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Chile, Atacama - MERIS - 10 January 2003
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- Title Chile, Atacama - MERIS - 10 January 2003
- Released 10/01/2003 4:40 pm
- Copyright ESA
This Medium Resolution Imaging Spectrometer (MERIS) image was acquired over northern Chile's Atacama Desert. The Pacific Ocean lies to the west of the desert, whose eastern boundary is formed by the Andes. The Atacama is known as one of the driest spots on earth; the first sight of green in this MERIS image lies some 200 kilometers west of the coast, at the foothills of the Western Cordillera, where wispy white clouds start to make an appearance.
Along the Pacific coast, the characteristic shape of the Mejillones peninsula is visible, where the town of Antofagasta lies just south of Moreno Bay on the southern side of the formation.
The Atacama was once a major mining area, with large deposits of sodium nitrate and copper, although today these mines are much depleted.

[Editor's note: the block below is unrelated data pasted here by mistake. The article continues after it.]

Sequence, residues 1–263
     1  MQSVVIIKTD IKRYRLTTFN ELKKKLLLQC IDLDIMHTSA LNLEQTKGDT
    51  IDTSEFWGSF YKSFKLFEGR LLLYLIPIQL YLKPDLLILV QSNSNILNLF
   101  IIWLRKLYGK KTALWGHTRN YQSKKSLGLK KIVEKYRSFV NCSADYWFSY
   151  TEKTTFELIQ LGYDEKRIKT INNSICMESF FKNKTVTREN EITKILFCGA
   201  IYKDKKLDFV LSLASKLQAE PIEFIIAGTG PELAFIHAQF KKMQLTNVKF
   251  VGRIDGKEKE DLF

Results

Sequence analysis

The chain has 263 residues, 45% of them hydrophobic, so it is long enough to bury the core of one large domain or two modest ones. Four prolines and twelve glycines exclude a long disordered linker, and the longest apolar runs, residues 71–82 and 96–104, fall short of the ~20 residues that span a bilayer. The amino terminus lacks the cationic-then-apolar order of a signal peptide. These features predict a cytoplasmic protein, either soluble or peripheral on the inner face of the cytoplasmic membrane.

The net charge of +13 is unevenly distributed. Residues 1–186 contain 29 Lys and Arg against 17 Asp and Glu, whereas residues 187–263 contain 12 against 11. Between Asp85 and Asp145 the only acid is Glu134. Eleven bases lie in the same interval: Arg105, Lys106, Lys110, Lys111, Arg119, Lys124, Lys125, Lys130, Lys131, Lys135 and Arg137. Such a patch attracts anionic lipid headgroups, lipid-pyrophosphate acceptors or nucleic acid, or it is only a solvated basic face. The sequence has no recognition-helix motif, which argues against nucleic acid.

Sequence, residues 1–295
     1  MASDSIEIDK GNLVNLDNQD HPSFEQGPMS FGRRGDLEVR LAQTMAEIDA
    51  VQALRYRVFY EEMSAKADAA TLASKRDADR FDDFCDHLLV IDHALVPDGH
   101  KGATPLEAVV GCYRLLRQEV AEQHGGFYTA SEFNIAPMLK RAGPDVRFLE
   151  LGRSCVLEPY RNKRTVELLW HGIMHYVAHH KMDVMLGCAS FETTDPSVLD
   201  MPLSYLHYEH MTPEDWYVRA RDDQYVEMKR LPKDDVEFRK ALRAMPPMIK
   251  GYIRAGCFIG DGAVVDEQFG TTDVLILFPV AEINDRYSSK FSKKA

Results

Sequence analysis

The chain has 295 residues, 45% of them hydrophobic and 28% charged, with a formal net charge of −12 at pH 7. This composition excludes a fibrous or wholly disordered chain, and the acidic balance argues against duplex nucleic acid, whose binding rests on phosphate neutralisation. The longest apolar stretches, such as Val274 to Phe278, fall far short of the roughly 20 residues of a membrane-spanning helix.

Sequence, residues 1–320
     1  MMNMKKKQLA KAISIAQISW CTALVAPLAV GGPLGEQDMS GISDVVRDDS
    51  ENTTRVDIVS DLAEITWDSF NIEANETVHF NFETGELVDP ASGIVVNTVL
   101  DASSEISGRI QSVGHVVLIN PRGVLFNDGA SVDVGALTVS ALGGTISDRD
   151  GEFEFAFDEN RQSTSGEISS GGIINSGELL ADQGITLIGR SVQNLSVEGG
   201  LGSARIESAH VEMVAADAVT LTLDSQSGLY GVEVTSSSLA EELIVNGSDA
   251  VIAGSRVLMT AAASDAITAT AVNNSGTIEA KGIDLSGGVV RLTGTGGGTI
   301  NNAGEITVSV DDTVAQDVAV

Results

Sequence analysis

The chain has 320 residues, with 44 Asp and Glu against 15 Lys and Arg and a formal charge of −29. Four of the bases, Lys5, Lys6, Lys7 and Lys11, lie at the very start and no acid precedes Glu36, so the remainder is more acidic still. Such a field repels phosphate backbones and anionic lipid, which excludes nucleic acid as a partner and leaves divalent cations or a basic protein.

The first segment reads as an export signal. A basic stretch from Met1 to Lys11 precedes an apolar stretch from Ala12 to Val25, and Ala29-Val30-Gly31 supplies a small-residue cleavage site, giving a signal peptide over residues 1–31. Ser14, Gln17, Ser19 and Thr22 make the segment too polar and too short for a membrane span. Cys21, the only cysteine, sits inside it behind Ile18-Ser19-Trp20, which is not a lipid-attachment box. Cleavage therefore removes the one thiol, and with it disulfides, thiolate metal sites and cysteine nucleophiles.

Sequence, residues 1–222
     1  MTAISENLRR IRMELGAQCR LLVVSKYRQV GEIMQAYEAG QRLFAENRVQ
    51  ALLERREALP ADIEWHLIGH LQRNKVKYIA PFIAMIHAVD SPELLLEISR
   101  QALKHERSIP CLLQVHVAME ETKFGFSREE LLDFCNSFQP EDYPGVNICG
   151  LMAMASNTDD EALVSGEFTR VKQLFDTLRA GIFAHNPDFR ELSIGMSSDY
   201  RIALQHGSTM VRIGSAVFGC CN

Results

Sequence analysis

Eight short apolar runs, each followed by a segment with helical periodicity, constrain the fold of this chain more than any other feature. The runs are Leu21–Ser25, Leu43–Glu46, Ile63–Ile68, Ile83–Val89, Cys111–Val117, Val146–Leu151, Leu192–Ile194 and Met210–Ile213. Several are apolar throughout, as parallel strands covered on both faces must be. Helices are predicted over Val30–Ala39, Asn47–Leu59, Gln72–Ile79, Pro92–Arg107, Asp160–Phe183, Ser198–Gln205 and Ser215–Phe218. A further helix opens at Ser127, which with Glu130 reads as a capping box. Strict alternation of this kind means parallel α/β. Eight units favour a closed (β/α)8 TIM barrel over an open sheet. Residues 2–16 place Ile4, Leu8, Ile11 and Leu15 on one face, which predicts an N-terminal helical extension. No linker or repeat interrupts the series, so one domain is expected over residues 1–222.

Rainfall in this part of the world is virtually non-existent, occurring only two to four times per century; in some parts of the desert rainfall has never been recorded. The only moisture available is from a dense fog known as camanchaca, formed when cold air from the Antarctic hits warmer air at a higher altitude. This fog is literally harvested by plants and animals alike, including the Atacama's human inhabitants who use "fog nets" to capture it for drinking water. (For more on using fog as a water supply, see Tapping Into Fog from Canada's International Development Research Centre, who first devised the technique.)
Instrument: MEdium Resolution Imaging Spectrometer (MERIS)
Date of Acquisition: 10 January 2003
Orbit number: 04516
Instrument features: FR
NE Lat/Long: S 21.14 / W 64.63
NW Lat/Long: S 20.05 / W 70.10
SW Lat/Long: S 25.87 / W 71.55
SE Lat/Long: S 26.96 / W 65.84